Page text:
"Camp Runamuck" was simply not cut out to last more than a season (it's 26th and final episode aired April 15th, 1966). The show had a "zany" cast, but they were all minor sitcom actors who could be very funny in a supporting guest role, but didn't have the major skills to carry a series. Head counsellor Dave Ketchum was much more memorable as hapless Agent 13 on "Get Smart," mildly confused Dave Madden wasn't even much on "Laugh-In," and there was little for other sour or bumptious actors (Leonard Stone as the camp doctor, Hermoine Baddeley as the owner of the girls' camp) to do for big laughs. The lead was Arch Johnson, owner of "Camp Runamuck" but not the most hilarious of "blustery" and exasperated sitcom heavies. Probably the most notable cast member was Nina Wayne (brunette sister to infamous dizzy blonde Carol Wayne).
Some Brits might remember this series. The BBC actually imported "Camp Runamuck" as a Saturday morning kiddie show back in the 70's. One good thing about the piracy that has caused much fewer movie releases, and more mindless TV reality shows, is that budget-conscious cable stations and streaming video sites are starting to pick over the funny-bones still lying in the vaults. When very few new sitcoms last six episodes and are a total loss, a full 26 episodes of an old oddity sounds pretty good!
There were many one-season wonders back then, sitcoms that had a weak premise but professional writing and acting. Consider "It's About Time," about astronauts going back in time to encounter cave dwellers Imogene Coca and Joe E. Ross or "The Smothers Brothers Show" (Tommy, lost at sea, returns as an angel seen only by brother Dick). I don't think the alternatives are Jonathan Ross, Judge Judy or "the Kardashians visit the Jersey Shore." PS, if you were wondering if you'd ever get to see the legendary "worst sitcom of all time," you can. The Jerry Van Dyke-Ann Sothern novelty "My Mother the Car" is now streaming your way via Hulu.com.
CAMP RUNAMUCK - instrumental TV THEME SONG
CAMP RUNAMUCK - sung by Homer and Jethro
Sunday, December 19, 2010
Captain Beefheart (Don Van Vliet) passed on the other day, and since he was very well known, and well bootlegged, and well downloaded, not much needs to be said about him here. Except that the "awful awful diseases" that Warren Zevon sang about, do strike even the rock titans, and it's sad to realize that a guy who was often struggling for money in pursuit of his unique vision, was in the end struggling against multiple sclerosis. Among those who chose to be weird and challenging, the Captain certainly ended up a lot more famous than, say, Kolonovits…who did create one very provocative album before he moved on to much more lucrative things.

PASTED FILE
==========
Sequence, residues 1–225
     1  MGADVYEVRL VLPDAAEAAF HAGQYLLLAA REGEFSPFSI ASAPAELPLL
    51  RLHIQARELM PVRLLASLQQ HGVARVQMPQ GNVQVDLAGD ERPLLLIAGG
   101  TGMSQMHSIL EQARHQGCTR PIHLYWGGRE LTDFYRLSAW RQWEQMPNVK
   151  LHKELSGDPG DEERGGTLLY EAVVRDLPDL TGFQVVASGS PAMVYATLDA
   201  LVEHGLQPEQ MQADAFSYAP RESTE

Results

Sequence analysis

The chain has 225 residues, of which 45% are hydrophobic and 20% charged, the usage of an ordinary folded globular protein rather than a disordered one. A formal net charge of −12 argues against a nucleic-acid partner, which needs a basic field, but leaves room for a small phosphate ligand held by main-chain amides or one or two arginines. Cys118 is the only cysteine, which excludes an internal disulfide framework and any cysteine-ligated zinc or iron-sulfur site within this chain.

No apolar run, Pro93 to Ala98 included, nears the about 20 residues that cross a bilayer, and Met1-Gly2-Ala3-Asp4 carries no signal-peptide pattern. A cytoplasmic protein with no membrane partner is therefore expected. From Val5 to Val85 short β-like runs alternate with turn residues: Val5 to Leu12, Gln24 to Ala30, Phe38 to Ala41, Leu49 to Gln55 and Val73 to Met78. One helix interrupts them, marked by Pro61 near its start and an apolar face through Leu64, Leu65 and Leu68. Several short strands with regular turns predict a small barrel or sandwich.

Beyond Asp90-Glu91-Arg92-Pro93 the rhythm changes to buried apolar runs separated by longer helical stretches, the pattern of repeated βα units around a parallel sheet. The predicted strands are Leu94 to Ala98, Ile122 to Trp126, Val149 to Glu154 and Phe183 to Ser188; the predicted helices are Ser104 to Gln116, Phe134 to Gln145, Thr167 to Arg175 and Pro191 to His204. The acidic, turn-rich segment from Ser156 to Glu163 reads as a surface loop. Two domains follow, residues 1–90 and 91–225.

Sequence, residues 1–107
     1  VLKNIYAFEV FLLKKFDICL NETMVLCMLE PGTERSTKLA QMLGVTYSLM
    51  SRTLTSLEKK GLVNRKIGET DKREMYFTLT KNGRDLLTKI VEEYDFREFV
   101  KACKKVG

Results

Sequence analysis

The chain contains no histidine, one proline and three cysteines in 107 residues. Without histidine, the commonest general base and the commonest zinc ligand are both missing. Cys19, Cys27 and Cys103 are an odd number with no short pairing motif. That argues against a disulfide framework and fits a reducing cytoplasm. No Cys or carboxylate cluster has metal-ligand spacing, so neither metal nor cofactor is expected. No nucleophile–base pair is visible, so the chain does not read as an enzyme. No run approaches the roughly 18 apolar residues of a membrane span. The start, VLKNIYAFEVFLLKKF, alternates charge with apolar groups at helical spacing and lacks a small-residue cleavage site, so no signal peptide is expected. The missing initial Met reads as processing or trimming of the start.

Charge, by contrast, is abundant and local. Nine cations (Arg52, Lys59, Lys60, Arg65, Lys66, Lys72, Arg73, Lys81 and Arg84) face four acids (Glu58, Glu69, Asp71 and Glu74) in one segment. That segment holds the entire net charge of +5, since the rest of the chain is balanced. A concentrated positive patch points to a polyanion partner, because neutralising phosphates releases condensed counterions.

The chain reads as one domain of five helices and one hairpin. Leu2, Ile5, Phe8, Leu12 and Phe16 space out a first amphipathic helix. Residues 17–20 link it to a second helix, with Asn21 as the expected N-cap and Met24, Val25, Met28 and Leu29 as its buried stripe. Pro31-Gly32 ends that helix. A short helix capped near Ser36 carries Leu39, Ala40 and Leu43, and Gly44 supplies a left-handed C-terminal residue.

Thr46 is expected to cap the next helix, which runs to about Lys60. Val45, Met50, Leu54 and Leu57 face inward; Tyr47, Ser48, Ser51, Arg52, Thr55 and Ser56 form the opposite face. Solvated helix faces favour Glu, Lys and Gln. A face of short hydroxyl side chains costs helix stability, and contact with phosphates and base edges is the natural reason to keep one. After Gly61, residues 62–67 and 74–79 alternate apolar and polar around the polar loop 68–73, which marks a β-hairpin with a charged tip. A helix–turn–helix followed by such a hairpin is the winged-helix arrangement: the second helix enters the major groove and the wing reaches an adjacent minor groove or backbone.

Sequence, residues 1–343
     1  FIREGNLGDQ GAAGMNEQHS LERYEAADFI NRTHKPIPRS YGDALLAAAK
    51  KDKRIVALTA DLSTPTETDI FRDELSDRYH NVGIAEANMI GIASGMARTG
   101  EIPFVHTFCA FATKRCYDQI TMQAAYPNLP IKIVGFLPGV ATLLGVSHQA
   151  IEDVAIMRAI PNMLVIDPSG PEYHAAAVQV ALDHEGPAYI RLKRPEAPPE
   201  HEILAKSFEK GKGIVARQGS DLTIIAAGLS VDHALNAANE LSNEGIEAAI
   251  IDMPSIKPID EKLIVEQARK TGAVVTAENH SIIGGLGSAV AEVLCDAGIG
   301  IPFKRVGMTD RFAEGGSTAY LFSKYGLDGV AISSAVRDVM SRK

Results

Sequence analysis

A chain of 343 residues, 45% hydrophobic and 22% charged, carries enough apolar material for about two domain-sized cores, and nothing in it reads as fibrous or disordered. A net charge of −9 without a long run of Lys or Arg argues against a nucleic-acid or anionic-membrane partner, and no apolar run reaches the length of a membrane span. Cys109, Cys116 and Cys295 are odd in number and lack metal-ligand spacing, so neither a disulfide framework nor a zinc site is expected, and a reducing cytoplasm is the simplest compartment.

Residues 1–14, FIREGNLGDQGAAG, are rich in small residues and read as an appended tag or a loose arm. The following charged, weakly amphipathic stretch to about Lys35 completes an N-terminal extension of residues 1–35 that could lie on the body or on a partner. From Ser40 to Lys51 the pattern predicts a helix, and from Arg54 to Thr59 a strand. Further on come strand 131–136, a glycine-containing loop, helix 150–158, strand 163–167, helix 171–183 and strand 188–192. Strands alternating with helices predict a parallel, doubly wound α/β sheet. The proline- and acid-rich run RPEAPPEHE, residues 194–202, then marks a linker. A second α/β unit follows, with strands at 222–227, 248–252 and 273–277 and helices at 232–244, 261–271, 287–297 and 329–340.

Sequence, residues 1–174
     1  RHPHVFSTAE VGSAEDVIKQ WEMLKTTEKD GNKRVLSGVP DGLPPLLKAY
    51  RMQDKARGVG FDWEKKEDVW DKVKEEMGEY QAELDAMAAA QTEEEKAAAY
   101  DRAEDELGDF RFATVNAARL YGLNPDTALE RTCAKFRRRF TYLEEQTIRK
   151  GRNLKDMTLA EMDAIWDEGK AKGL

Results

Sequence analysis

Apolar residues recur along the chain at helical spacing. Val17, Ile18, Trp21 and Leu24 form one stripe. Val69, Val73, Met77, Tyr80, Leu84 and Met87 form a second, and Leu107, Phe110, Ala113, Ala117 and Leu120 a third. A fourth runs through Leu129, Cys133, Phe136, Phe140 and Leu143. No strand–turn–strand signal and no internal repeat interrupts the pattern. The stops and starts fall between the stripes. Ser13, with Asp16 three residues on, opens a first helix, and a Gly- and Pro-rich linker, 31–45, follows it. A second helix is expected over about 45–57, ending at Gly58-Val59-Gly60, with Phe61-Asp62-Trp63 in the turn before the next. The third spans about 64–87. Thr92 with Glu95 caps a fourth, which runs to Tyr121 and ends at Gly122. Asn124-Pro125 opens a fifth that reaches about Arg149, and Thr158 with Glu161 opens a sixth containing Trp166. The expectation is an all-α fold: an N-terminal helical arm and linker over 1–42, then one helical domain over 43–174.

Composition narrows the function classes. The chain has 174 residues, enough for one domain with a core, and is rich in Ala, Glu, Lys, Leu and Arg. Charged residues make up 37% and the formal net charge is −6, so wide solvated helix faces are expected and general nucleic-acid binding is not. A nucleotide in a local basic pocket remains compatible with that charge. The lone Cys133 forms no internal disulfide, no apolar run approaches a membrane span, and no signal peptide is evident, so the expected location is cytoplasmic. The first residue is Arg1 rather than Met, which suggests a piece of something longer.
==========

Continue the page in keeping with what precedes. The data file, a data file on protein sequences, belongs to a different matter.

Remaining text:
Circa 1977, a strange album called "Life Is Just a Carnival" appeared…an odd audio collage of electronica and dada, inspired by everything from Lennon's "Strawberry Fields" to the symphonic Zappa, and even the sorrowful balladry of Nilsson. That's all the tease you need to download four representative tracks: "Life is Just a Carnival" "Join the Carnival" "Society" and the spoken "TV Love Story," just as they rolled off side one of the album originally released on CBS in Germany…and which some eBay sellers hope will put some dinner on the table.
CBS/Columbia in America wanted no part of 25 year-old Christian Kolonovits, so it took a few years before an indie label pressed a few thousand copies. The album notes declared: "With this album the artist tears off the mask and gives up the role forced upon him. His keyboards fly unfettered. The compositions are rich with the baroque influence of Bach and the purity of Gregorian chant. Kolonovits is a new name in the States. Soon it will be known, admired and sought after by all lovers of outstanding progressive European music." While the album was ignored as an eccentric item from an unknown, "Life is Just a Carnival" was only the beginning, and this musician has had a full career over the last three decades. Though not particularly as a singer/songwriter of his own symphonic rock epics.
Christian was born in Burgenland, the son of a Croatian father and a Hungarian mother…which might mean that he would understand getting bootlegged by some asshole blogger in Croatia, but would still feel gloomy about it. He studied piano, cello and composition at the Vienna Music Academy, and in 1980 after his solo album and a year in France, he came back to Vienna to produce a variety of Austropop artists including Wolfgang Ambros, Reinhard Fendrich and Ludwig Hirsch. He later composed movie and TV scores (including the 2008 movie "North Face"). According to his website his projects have garnered 70 gold and platinum awards. Which isn't to say he's got that many statues on his desk, but produced or engineered or had a writing credit on some very successful discs.